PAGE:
A recent development in the industry has been the relative rise of business tourism, which currently accounts for 9.2% of the total visitors to the country. The proportion of business tourists is expected to rise as the country’s business environment improves. Business tourists offer high recurring expenditures and help support the rise of a more diversified tourism base.
Overall, Iran is an above average destination, with affordable pricing, but with a lagging industry and poor marketing. As such, there is a marked growth potential in this sector in Iran. The World Tourism and Travel Council (WTCC) ranks Iran 17th in the world in terms of growth in tourism.
The economic benefits of growth in the tourism sector could be profound. Currently, the tourism sector employs 476,000 Iranians, accounting for roughly 1.9% of total employment. The global average is 3.6%. This suggests that tourism can be a major area of job creation, which is a core economic priority in post-sanctions Iran. However, hospitality employment requires high-levels of training, an area where Iran has historically lacked resources. New investments in training and management programs will be necessary to bring the country up to international standards for service.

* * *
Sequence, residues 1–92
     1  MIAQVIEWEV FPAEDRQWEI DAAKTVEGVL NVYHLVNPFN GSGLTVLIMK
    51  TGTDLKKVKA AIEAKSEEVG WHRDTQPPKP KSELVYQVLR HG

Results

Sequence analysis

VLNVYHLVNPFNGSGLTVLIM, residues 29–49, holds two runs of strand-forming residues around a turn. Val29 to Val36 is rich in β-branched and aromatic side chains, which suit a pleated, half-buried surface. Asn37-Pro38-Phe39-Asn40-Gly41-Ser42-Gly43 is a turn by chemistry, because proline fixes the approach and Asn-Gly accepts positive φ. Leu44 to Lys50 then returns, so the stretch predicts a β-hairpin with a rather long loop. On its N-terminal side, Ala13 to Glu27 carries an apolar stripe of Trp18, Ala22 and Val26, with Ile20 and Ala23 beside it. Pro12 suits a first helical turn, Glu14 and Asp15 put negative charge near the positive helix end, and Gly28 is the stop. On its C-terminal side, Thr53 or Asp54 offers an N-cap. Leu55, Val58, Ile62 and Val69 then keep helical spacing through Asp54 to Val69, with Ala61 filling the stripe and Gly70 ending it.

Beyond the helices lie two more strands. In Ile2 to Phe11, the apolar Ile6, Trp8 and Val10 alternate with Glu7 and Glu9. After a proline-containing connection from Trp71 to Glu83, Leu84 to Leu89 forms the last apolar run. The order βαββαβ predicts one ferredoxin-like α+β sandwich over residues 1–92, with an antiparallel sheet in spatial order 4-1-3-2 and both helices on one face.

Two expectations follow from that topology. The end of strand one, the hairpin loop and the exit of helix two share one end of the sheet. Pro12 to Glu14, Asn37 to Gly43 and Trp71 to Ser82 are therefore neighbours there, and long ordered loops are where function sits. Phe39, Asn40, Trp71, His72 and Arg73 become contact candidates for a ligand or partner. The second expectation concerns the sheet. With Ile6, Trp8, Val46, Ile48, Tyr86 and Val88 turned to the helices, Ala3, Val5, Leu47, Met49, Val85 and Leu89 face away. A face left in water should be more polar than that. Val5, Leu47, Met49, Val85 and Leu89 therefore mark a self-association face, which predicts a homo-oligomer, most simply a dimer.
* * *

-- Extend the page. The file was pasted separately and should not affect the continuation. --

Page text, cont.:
Investment Activity on the Rise
Investors are reacting enthusiastically to Iran’s tourism potential. In 2015, 3.1% of total national investment in Iran was focused on the tourism sector, which still lags behind the global average of 4.3%. As the post-sanctions recovery continues, Iran’s unique global position as a growth market for tourism and hospitality should see tourism’s portion of total national investment rise to 3.8% in 2026 on the back of steady 5% annual growth, but at a much higher magnitude as the total value of investments in Iran increases.